In the media, Kerr frequently mentions the “peer review” status of his studies, implying that studies published in medical journals are unassailable. Rubbish. Journals often publish controversial studies to attract readers — publication does not necessarily equal endorsement. The InSite study published in the New England Journal of Medicine, a favourite reference of InSite champions, appeared as a “letter to the editor” sandwiched between a letter about “crush injuries” in earthquakes and another on celiac disease.”

    Really? What kind of “science” produces dozens of studies, within the realm of public health, a notoriously volatile research field, with positive outcomes 100 per cent of the time? Those results should raise the eyebrows of any first-year stats student.”

    And who’s more likely to be swayed by personal bias? InSite opponents, questioning government-sanctioned hard drug abuse? Or Montaner, Kerr and their handful of acolytes who’ve staked their careers on InSite’s survival? From 2003 to 2011, the BC Centre received $2,610,000 from B.C. taxpayers to “study” InSite. How much money have InSite critics received?”

    There has never been an independent analysis of InSite, yet, if you base your knowledge on Vancouver media reports, the case is closed. InSite is a success and should be copied nationwide for the benefit of humanity. Tangential links to declining overdose rates are swallowed whole. Kerr’s claims of reduced “public disorder” in the neighbourhood go unchallenged, despite other mitigating factors such as police activity and community initiative. Journalists note Onsite, the so-called “treatment program” above the injection site, ignoring Onsite’s reputation among neighbourhood residents as a spit-shined flophouse of momentary sobriety.”

    http://www.hc-sc.gc.ca/ahc-asc/pubs/_sites-lieux/insite/index-eng.php

      Reducing the Transmission of Blood-Borne Viral Infections & Other Injection Related Infections

         “Self-reports from users of the INSITE service and from users of SIS services in other countries indicate that needle sharing decreases with increased use of SISs. Mathematical modeling, based on assumptions about baseline rates of needle sharing, the risks of HIV transmission and other variables, generated very wide ranging estimates for the number of HIV cases that might have been prevented. The EAC were not convinced that these assumptions were entirely valid.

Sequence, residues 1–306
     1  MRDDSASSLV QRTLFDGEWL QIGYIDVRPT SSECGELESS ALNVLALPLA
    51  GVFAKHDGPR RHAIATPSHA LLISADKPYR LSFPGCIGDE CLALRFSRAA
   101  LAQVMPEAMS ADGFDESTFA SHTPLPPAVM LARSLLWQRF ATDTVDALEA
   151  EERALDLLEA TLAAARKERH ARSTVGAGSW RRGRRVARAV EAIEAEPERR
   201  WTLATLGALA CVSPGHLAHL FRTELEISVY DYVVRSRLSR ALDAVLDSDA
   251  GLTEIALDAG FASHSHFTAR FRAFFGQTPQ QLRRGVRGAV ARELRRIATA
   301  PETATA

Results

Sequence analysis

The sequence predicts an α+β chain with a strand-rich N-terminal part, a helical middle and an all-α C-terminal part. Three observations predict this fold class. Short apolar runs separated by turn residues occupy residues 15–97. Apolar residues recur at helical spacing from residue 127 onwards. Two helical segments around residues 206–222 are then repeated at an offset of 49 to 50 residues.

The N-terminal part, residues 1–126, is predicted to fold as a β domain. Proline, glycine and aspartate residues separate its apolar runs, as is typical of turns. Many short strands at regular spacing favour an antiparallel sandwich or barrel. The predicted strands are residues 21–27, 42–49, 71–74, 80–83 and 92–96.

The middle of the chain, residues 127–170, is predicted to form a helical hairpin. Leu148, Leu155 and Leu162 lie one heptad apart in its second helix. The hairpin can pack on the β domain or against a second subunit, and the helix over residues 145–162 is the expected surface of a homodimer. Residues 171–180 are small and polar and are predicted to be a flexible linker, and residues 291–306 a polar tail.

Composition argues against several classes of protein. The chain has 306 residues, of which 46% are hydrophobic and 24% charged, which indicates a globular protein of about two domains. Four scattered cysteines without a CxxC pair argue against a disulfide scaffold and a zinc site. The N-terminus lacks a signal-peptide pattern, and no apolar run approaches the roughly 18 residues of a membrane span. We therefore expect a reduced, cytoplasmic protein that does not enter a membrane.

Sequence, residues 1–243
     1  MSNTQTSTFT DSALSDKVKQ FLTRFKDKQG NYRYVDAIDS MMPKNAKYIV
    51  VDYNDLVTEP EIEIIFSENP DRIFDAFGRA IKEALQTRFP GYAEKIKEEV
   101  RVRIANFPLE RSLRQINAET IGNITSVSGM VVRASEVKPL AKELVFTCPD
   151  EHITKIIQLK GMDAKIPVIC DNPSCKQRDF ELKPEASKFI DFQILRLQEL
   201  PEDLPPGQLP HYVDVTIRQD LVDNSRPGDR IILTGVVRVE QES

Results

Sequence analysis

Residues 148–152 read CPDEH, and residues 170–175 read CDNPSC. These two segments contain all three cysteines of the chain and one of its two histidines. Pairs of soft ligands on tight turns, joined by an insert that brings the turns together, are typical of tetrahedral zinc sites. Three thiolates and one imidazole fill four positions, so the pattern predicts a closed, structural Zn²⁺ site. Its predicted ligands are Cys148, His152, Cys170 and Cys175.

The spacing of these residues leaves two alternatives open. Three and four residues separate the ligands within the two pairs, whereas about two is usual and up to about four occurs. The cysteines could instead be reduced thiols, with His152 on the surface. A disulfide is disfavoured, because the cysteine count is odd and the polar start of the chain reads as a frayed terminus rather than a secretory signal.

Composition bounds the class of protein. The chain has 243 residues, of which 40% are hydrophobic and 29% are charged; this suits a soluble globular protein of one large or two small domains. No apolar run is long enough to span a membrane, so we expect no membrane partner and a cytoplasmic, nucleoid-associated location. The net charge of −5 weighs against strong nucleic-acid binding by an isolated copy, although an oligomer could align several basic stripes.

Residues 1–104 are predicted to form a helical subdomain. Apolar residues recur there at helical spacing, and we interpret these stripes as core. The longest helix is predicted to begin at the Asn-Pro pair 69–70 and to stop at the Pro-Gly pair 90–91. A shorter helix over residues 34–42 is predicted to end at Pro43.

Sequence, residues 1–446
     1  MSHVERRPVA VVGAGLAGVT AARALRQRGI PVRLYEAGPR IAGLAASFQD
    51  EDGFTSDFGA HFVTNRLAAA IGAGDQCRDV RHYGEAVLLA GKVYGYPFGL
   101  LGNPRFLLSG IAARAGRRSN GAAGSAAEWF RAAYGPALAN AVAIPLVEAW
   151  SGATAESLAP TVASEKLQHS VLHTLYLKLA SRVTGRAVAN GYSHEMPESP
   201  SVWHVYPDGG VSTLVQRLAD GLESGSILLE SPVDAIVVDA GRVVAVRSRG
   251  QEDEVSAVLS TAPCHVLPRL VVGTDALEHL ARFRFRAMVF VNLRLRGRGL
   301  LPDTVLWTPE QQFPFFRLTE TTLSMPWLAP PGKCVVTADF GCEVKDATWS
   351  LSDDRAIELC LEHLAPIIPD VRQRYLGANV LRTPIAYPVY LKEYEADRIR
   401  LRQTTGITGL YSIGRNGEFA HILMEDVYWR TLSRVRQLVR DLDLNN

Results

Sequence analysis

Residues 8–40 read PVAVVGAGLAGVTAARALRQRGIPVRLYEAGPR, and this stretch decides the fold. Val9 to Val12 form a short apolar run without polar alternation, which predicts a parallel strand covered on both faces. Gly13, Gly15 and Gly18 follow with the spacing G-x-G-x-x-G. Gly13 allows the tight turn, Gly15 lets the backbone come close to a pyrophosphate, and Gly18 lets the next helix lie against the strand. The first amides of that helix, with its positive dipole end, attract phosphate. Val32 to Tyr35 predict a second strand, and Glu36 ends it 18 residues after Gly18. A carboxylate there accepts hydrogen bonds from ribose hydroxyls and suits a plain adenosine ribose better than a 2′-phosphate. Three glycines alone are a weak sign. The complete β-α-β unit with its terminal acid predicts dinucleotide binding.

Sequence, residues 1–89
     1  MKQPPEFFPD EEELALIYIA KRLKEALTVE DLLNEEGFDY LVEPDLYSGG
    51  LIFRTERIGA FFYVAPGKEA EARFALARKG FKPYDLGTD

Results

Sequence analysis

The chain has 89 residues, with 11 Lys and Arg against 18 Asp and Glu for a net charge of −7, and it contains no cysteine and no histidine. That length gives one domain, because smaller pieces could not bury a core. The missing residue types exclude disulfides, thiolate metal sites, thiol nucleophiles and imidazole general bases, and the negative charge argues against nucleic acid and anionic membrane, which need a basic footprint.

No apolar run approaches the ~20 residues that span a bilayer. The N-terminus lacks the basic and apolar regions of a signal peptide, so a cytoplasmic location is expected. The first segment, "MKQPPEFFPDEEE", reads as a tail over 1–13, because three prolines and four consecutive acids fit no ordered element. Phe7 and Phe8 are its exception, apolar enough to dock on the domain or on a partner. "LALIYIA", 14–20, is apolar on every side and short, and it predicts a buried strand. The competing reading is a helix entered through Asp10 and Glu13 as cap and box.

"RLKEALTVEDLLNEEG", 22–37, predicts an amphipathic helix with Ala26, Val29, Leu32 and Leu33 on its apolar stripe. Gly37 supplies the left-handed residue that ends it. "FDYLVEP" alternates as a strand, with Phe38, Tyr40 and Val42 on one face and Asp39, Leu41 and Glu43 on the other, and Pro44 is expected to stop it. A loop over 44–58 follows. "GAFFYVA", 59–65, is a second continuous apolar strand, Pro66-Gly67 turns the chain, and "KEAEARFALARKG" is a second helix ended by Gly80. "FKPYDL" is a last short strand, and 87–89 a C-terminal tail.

SISs do not typically have the capacity to accommodate all, or even most injections that might otherwise take place in public. Several limitations to existing research were identified including:
          Caution should be exercised in using mathematical modelling for assessing cost benefit/effectiveness of INSITE, given that:
            There was limited local data available regarding baseline frequency of injection, frequency of needle sharing and other key variables used in the analysis;
            While some longitudinal studies have been conducted, the results have yet to be published and may never be published given the overlapping design of the cohorts;
            No studies have compared INSITE with other methods that might be used to increase referrals to detoxification and treatment services, such as outreach, enhanced needle exchange service, or drug treatment courts.
        Some user characteristics relevant to understanding their needs and monitoring change have not been reported including details of baseline treatment histories, frequency of injection and frequency of needle sharing.
        User characteristics and reported changes in injection practices are based on self-reports and have not been validated in other ways. More objective evidence of sustained changes in risk behaviours and a comparison or control group study would be needed to confidently state that INSITE and SISs have a significant impact on needle sharing and other risk behaviours outside of the site where the vast majority of drug injections still take place.”

    “It has been estimated that injection drug users inject an average six injections a day of cocaine and four injections a day of heroin. The street costs of this use are estimated at around $100 a day or $35,000 a year. Few injection drug users have sufficient income to pay for the habit out through employment. Some, mainly females get this money through prostitution and others through theft, break-ins and auto theft. If the theft is of property rather than cash, it is estimated that they must steal close to $350,000 in property a year to get $35,000 cash. Still others get the money they need by selling drugs.”

    http://www.vancouversun.com/little+evidence+harm+reduction+reduces+harm+more+than+good/8679087/story.html?fref=gc&dti=189308553419

    “In addition, the federal government’s Advisory Committee on Drug Injection Sites report only five per cent of drug addicts use the injection site, three per cent were referred for treatment and there was no indication the crime rate has decreased, as well as no indication of a decrease in AIDS and hepatitis C since the injection site was opened.”

    https://www.scientificamerican.com/article/massive-price-hike-for-lifesaving-opioid-overdose-antidote1/
    Massive Price Hike for Lifesaving Opioid Overdose Antidote

    Suddenly in demand, naloxone injector goes from $690 to $4,500